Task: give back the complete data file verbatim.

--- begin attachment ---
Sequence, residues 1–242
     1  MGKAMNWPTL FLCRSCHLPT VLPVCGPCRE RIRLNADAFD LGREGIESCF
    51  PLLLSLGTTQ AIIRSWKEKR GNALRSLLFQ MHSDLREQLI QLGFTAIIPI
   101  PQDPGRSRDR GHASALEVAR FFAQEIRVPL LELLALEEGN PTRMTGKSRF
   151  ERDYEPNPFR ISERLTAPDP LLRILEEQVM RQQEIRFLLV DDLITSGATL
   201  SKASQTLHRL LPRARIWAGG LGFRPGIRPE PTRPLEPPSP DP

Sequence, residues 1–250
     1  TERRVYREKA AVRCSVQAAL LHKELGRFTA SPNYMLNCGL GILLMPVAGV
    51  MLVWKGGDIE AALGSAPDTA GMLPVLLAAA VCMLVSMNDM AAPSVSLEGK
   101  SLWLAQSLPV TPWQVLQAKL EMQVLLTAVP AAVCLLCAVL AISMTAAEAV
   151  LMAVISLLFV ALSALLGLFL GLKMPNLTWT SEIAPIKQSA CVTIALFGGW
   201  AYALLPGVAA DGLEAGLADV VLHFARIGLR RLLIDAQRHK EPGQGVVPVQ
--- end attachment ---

Sequence, residues 1–242
     1  MGKAMNWPTL FLCRSCHLPT VLPVCGPCRE RIRLNADAFD LGREGIESCF
    51  PLLLSLGTTQ AIIRSWKEKR GNALRSLLFQ MHSDLREQLI QLGFTAIIPI
   101  PQDPGRSRDR GHASALEVAR FFAQEIRVPL LELLALEEGN PTRMTGKSRF
   151  ERDYEPNPFR ISERLTAPDP LLRILEEQVM RQQEIRFLLV DDLITSGATL
   201  SKASQTLHRL LPRARIWAGG LGFRPGIRPE PTRPLEPPSP DP

Sequence, residues 1–250
     1  TERRVYREKA AVRCSVQAAL LHKELGRFTA SPNYMLNCGL GILLMPVAGV
    51  MLVWKGGDIE AALGSAPDTA GMLPVLLAAA VCMLVSMNDM AAPSVSLEGK
   101  SLWLAQSLPV TPWQVLQAKL EMQVLLTAVP AAVCLLCAVL AISMTAAEAV
   151  LMAVISLLFV ALSALLGLFL GLKMPNLTWT SEIAPIKQSA CVTIALFGGW
   201  AYALLPGVAA DGLEAGLADV VLHFARIGLR RLLIDAQRHK EPGQGVVPVQ